Essential Health Services: Bangladesh
Categories: Health Insurance (CBHI, SHI), Home Page Map, Maternal, Neonatal and Child Health (MNCH), Publications, Universal Health Coverage
Essential Package of Health Services Country Snapshot
Resource Type: Brief
Authors: Jenna Wright
Published: July 2015
An Essential Package of Health Services (EPHS) can be defined as the package of services that the government is providing or is aspiring to provide to its citizens in an equitable manner.
This country snapshot is one in a series of 24 snapshots looking at the governance dimensions of Essential Packages of Health Services in the Ending Preventable Child and Maternal Death priority countries. The snapshot explores several important dimensions of the EPHS in the country, such as how government policies contribute to the service coverage, population coverage, and financial coverage of the package.
The government of Bangladesh first defined an “Essential Service Package” in 1998, then updated it in 2003 and renamed it the “Essential Service Delivery” Package. This package is defined at a high level, and includes: child health care, safe motherhood, family planning, menstrual regulation, post-abortion care, and management of sexually transmitted infections; communicable diseases (including tuberculosis, malaria, others); emerging noncommunicable diseases (diabetes, mental health conditions, cardiovascular diseases); limited curative care and behavior change communication; and nutrition.Download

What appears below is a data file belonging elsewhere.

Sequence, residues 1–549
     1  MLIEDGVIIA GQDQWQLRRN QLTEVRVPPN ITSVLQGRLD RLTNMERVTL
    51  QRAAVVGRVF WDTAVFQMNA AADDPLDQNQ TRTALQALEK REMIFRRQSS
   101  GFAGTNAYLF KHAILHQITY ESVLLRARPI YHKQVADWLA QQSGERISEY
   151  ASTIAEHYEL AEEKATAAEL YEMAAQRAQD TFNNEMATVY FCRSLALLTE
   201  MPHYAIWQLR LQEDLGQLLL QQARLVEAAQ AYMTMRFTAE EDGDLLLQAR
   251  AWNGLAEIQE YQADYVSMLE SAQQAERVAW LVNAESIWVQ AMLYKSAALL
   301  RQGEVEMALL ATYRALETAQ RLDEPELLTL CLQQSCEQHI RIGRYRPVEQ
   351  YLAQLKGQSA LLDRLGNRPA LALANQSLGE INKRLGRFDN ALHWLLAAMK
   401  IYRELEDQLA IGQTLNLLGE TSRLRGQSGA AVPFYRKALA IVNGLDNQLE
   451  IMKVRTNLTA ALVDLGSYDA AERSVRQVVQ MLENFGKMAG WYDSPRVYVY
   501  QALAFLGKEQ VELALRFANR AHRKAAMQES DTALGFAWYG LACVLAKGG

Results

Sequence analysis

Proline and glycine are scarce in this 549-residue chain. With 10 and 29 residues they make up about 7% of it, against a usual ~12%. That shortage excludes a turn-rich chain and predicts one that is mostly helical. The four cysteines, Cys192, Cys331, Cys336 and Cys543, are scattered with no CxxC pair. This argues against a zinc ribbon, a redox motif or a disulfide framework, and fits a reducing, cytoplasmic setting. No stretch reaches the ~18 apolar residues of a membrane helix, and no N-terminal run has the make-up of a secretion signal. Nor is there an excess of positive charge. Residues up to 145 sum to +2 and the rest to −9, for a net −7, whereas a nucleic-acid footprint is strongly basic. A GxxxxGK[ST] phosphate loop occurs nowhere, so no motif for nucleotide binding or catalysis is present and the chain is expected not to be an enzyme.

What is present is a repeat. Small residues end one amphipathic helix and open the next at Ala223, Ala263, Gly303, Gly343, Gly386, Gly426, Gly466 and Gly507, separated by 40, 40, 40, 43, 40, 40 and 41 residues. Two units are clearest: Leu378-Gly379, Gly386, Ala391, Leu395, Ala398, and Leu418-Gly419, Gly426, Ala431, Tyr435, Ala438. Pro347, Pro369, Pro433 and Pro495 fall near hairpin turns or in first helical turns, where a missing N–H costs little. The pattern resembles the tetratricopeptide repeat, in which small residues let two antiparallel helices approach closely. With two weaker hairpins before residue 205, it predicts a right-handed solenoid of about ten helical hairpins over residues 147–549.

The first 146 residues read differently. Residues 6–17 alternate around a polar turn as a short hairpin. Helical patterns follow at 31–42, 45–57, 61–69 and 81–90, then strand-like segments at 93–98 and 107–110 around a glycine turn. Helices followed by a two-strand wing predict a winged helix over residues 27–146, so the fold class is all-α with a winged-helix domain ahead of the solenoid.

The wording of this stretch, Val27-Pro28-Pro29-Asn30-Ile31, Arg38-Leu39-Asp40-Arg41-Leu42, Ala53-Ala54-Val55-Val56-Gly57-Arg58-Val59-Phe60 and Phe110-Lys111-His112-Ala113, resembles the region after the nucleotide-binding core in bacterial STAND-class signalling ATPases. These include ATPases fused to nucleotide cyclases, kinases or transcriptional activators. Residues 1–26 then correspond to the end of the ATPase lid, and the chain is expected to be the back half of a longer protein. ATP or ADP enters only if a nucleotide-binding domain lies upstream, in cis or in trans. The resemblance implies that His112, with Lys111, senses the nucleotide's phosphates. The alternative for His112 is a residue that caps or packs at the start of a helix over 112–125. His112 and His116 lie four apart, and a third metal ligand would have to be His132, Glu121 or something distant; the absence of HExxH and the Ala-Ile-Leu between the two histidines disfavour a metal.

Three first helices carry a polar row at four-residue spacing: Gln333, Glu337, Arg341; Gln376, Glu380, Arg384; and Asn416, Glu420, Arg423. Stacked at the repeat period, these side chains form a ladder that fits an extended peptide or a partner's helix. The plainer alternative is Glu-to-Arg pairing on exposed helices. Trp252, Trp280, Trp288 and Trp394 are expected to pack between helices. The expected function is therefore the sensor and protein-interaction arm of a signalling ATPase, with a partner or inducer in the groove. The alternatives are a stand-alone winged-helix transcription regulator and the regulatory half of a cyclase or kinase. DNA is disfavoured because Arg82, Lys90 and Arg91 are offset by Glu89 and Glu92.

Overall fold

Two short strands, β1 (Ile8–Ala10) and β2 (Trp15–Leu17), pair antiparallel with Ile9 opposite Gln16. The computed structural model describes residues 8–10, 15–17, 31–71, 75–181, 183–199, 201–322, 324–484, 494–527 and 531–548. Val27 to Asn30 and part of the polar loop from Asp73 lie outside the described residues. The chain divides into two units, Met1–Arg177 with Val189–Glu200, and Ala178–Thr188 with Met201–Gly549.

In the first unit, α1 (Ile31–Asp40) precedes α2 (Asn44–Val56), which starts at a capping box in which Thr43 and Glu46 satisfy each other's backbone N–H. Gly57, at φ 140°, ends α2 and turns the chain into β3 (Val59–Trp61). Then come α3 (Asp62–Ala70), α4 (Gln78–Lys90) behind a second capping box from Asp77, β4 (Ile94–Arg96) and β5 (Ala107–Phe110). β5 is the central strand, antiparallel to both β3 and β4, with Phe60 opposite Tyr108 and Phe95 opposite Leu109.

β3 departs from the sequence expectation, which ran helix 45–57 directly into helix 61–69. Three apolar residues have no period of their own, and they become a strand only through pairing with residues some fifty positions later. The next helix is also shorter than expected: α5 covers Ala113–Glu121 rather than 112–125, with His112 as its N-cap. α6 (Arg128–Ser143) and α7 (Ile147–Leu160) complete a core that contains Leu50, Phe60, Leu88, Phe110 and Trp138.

Essential Package of Health Services and Health Benefit Plans Mapping Brief
Resource Type: Brief
Authors: Jeena Mathew
Published: June 2017
Many governments are scaling up health benefit plans, such as social health insurance, to increase population health coverage. This brief presents findings from a mapping between the services covered under the country’s prominent health benefit plan(s) to the country’s Essential Package of Health Services. The mapping analyzes the extent to which the plan(s) cover essential services.
This brief is for policymakers and program managers seeking to promote universal health coverage. It presents HFG’s findings and observations about the relationship between the services in an EPHS and the services covered in HBPs.